The Arabian Sea (Arabic: اَلْبَحرْ ٱلْعَرَبِيُّ, romanized: Al-Bahr al-ˁArabī) is a region of the northern Indian Ocean bounded on the north by Pakistan, Iran and the Gulf of Oman, on the west by the Gulf of Aden, Guardafui Channel and the Arabian Peninsula, on the southeast by the Laccadive Sea and the Maldives, on the southwest by Somalia, and on the east by India. Its total area is 3,862,000 km2 (1,491,000 sq mi) and its maximum depth is 4,652 meters (15,262 ft). The Gulf of Aden in the west connects the Arabian Sea to the Red Sea through the strait of Bab-el-Mandeb, and the Gulf of Oman is in the northwest, connecting it to the Persian Gulf.
|Location||Horn of Africa, Western Asia and South Asia|
|Part of||Indian Ocean|
|Max. width||2,400 km (1,500 mi)|
|Surface area||3,862,000 km2 (1,491,000 sq mi) (3,600,000 to 4,600,000 km2 in various sources)|
|Max. depth||4,652 m (15,262 ft)|
|Islands||Astola island, Basavaraj Durga Island, Lakshadweep, Masirah Island, Piram Island, Pirotan, Socotra|
The Arabian Sea's surface area is about 3,862,000 km2 (1,491,130 sq mi). The maximum width of the sea is approximately 2,400 km (1,490 mi), and its maximum depth is 4,652 metres (15,262 ft). The biggest river flowing into the sea is the Indus River.
The Arabian Sea has two important branches — the Gulf of Aden in the southwest, connecting with the Red Sea through the strait of Bab-el-Mandeb; and the Gulf of Oman to the northwest, connecting with the Persian Gulf. There are also the gulfs of Khambhat and Kutch on the Indian Coast. The Arabian Sea has been crossed by many important marine trade routes since the 3rd or 2nd millennium BCE. Major seaports include Kandla Port, Mundra Port, Pipavav Port, Dahej Port, Hazira Port, Mumbai Port, Nhava Sheva Port (Navi Mumbai), Mormugão Port (Goa), New Mangalore Port and Kochi Port in India, the Port of Karachi, Port Qasim, and the Gwadar Port in Pakistan, Chabahar Port in Iran and the Port of Salalah in Salalah, Oman. The largest islands in the Arabian Sea include Socotra (Yemen), Masirah Island (Oman), Lakshadweep (India) and Astola Island (Pakistan). The countries with coastlines on the Arabian Sea are Yemen, Oman, Pakistan, Iran, India and the Maldives.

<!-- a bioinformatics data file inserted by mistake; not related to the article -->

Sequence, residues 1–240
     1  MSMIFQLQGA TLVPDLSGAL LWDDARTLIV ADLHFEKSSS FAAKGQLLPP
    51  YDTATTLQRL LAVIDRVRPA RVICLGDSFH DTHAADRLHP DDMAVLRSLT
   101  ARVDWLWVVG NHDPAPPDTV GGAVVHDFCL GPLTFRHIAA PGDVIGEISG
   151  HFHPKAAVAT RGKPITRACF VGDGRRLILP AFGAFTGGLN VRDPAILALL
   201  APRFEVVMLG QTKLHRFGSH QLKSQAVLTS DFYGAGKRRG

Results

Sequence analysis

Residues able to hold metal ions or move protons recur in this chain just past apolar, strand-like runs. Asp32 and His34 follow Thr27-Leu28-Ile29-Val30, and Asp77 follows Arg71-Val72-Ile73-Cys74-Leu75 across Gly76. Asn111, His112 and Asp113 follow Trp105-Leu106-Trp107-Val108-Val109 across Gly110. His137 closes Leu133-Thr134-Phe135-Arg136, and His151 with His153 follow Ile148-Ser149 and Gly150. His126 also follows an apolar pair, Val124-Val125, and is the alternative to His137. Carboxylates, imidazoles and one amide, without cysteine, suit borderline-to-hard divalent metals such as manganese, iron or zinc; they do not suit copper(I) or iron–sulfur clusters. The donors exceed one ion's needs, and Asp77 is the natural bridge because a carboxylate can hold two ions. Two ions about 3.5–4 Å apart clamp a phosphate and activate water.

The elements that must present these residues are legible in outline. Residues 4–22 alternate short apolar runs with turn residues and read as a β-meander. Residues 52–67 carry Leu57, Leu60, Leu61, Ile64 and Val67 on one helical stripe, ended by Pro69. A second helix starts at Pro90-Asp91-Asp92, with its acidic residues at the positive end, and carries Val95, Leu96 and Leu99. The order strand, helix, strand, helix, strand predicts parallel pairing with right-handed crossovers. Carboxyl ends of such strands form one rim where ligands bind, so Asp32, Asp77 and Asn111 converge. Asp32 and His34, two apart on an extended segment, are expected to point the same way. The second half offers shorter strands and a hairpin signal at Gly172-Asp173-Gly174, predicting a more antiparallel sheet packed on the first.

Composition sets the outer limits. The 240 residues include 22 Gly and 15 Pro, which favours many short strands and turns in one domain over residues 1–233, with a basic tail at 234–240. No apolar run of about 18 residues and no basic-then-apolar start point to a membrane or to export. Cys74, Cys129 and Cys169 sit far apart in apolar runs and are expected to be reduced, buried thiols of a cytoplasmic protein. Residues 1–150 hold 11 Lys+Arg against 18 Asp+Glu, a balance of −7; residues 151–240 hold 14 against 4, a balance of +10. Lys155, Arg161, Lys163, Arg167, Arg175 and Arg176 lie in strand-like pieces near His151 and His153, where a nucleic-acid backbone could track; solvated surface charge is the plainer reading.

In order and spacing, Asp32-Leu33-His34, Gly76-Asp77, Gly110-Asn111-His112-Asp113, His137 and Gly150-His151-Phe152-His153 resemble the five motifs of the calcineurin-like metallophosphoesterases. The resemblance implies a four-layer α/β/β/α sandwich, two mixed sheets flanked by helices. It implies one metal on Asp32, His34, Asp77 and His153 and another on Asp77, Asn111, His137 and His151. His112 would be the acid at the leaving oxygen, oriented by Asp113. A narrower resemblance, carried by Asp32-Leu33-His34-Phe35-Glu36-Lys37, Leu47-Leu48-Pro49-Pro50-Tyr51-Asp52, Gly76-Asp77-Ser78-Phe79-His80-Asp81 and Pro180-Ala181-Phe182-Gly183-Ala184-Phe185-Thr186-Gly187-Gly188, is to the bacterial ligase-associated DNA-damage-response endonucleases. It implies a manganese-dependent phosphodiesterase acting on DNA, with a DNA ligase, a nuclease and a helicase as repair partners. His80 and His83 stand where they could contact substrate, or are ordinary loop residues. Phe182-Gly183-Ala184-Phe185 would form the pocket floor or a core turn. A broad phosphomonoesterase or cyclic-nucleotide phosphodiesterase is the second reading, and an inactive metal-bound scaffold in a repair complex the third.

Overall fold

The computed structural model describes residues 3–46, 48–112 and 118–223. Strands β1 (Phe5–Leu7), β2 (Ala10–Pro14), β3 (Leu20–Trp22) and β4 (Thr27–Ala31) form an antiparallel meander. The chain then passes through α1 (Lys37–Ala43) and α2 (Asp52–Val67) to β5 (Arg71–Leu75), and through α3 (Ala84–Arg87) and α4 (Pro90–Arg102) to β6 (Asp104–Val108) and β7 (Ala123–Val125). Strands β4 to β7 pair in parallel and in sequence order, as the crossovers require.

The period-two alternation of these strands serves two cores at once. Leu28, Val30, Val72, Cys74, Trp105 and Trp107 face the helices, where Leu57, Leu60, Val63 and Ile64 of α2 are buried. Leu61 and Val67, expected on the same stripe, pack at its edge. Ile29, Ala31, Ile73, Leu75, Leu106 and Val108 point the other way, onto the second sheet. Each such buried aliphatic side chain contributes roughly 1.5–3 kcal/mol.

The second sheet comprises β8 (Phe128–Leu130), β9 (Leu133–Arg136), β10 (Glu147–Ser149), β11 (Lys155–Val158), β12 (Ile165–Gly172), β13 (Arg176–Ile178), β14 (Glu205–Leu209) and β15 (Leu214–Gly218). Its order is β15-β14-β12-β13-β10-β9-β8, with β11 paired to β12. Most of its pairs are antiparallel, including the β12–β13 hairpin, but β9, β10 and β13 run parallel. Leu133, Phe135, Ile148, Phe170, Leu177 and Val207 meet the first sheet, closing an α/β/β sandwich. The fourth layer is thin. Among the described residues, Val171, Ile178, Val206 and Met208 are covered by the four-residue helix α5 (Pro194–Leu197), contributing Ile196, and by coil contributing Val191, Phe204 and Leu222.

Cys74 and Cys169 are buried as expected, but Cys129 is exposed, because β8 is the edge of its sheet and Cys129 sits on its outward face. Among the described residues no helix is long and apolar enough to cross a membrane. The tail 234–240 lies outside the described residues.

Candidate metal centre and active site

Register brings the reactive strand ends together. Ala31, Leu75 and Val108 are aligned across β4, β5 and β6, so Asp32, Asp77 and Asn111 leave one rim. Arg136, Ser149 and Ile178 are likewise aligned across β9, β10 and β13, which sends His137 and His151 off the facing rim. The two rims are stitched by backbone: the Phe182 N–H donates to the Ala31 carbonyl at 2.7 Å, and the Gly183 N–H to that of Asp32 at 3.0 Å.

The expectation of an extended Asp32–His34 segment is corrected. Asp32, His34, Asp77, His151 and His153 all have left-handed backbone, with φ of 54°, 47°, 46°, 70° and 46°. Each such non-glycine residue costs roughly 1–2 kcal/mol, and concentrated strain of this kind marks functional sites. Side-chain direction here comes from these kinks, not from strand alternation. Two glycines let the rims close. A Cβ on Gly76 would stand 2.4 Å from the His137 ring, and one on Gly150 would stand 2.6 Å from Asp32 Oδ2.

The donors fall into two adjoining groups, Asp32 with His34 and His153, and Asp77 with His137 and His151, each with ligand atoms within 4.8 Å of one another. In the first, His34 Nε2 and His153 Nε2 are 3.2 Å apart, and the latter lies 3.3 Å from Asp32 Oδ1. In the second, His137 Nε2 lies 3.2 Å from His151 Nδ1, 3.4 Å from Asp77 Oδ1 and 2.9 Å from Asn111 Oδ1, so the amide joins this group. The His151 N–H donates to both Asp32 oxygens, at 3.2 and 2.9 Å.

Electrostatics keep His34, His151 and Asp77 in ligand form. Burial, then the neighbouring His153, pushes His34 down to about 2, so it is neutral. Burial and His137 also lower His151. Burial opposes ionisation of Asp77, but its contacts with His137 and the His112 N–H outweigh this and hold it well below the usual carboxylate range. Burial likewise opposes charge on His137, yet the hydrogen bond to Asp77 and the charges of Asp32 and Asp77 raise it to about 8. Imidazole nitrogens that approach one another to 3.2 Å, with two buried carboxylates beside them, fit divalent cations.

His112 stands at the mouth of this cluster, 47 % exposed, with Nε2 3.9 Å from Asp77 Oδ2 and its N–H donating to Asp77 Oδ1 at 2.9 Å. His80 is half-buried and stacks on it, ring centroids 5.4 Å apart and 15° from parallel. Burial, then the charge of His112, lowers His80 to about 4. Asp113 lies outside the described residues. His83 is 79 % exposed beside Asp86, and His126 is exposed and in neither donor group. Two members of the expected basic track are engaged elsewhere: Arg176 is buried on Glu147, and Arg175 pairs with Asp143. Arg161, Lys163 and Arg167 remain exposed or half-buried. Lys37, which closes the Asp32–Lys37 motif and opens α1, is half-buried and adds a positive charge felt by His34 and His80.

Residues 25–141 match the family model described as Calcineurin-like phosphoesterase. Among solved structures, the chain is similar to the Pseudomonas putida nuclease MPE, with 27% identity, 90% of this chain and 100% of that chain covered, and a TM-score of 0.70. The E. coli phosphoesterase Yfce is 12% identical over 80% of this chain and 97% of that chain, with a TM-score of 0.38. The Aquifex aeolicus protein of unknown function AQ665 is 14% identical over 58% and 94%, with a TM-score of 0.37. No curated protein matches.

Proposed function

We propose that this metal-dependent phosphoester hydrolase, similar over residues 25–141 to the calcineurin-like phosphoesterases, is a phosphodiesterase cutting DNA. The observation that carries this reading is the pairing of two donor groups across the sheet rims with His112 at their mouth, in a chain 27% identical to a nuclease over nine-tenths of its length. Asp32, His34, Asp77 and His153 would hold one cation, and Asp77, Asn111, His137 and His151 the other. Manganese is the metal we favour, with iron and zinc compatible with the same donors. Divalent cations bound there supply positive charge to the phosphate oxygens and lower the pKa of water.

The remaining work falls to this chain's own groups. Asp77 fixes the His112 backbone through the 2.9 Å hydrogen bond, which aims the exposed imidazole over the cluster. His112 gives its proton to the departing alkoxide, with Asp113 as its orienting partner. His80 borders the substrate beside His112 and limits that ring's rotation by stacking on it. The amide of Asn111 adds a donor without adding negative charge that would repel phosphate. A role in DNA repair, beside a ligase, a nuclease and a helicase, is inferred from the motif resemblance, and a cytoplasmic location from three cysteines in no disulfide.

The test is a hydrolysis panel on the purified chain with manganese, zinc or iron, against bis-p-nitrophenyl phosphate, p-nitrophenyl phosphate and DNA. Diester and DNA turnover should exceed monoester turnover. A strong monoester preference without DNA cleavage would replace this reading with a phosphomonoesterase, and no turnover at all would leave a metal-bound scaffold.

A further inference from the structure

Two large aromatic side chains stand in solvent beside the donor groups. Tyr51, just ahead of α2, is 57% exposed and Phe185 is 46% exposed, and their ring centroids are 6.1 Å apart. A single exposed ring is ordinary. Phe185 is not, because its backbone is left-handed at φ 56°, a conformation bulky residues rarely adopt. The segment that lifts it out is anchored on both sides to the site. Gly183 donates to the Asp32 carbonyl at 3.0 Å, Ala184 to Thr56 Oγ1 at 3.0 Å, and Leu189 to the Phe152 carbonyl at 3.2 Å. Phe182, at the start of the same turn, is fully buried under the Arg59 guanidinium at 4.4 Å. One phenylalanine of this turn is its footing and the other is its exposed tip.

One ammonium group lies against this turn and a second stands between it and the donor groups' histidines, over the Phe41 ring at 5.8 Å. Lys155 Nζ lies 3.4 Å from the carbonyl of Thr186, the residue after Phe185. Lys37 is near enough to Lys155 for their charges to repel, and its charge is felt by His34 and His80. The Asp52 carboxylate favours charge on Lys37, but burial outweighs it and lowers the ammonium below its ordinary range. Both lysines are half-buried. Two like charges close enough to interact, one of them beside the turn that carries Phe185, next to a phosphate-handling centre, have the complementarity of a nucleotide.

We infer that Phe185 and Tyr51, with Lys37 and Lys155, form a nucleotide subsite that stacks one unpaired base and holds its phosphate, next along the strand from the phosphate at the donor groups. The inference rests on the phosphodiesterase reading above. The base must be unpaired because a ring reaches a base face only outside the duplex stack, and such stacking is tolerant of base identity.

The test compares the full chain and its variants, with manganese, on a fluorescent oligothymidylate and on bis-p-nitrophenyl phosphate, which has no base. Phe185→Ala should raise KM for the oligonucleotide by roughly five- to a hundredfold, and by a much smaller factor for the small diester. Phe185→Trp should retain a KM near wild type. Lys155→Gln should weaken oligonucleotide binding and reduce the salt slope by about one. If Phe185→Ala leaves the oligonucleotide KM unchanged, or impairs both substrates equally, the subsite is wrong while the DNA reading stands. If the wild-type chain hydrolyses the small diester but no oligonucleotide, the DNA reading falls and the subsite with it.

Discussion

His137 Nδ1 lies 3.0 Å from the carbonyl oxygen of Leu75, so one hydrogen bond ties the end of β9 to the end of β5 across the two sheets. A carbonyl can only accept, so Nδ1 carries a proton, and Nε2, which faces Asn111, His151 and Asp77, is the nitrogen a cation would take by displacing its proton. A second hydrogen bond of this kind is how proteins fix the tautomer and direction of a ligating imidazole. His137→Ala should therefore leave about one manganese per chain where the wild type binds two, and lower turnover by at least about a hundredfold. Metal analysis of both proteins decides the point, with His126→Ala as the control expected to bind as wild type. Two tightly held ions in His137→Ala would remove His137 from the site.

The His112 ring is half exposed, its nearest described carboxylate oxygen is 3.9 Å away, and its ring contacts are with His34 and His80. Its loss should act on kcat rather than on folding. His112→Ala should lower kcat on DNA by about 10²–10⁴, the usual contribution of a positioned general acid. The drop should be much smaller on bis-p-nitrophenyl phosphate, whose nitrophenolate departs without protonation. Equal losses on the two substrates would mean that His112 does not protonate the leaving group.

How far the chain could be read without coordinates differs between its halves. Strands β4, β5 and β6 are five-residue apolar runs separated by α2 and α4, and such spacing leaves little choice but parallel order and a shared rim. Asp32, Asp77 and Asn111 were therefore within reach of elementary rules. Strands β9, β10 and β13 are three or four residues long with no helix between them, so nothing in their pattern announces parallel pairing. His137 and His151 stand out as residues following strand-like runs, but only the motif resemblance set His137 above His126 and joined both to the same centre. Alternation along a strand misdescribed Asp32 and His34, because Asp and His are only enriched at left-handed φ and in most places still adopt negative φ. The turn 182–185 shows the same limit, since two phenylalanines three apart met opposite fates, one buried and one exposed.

- On the west: the eastern limit of the Gulf of Aden.
- On the north: a line joining Ràs al Hadd, east point of the Arabian Peninsula (22°32'N) and Ràs Jiyùni (61°43'E) on the coast of Pakistan.
- On the south: a line running from the southern extremity of Addu Atoll in the Maldives, to the eastern extremity of Ràs Hafun (the easternmost point of Africa, 10°26'N).
- On the east: the western limit of the Laccadive Sea a line running from Sadashivgad on the west coast of India ( ) to Cora Divh ( ) and thence down the west side of the Laccadive and Maldive archipelagos to the most southerly point of Addu Atoll in the Maldives.
Border and basin countriesEdit
The Arabian Sea historically and geographically has been referred to with different names by Arabian and European geographers and travelers, including Erythraean Sea, Indian Sea, Oman sea, Erythraean, Persian Sea in para No 34-35 of the Voyage. In Indian folklore, it is referred to as Darya, Sindhu Sagar, and Arab Samudra.
Arab geographers, sailors and nomads used to call this sea by different names, including the Akhzar (Green) Sea, Bahre Fars (Persian Sea), the Ocean Sea, the Hindu sea, the Makran Sea, the sea of Oman; among them Zakariya al-Qazwini, Al-Masudi, Ibn Hawqal and Hafiz-i Abru. They wrote: "The green sea and Indian sea and Persian sea are all one sea and in this sea there are strange creatures." in Iran and Turkey people call it Oman sea. In the Periplus of the Erythraean Sea, as well as in some ancient maps, Erythraean Sea refers to the whole area of the northwestern Indian Ocean, including the Arabian Sea.
The Arabian Sea has been an important marine trade route since the era of the coastal sailing vessels from possibly as early as the 3rd millennium BCE, certainly the late 2nd millennium BCE through the later days known as the Age of Sail. By the time of Julius Caesar, several well-established combined land-sea trade routes depended upon water transport through the sea around the rough inland terrain features to its north.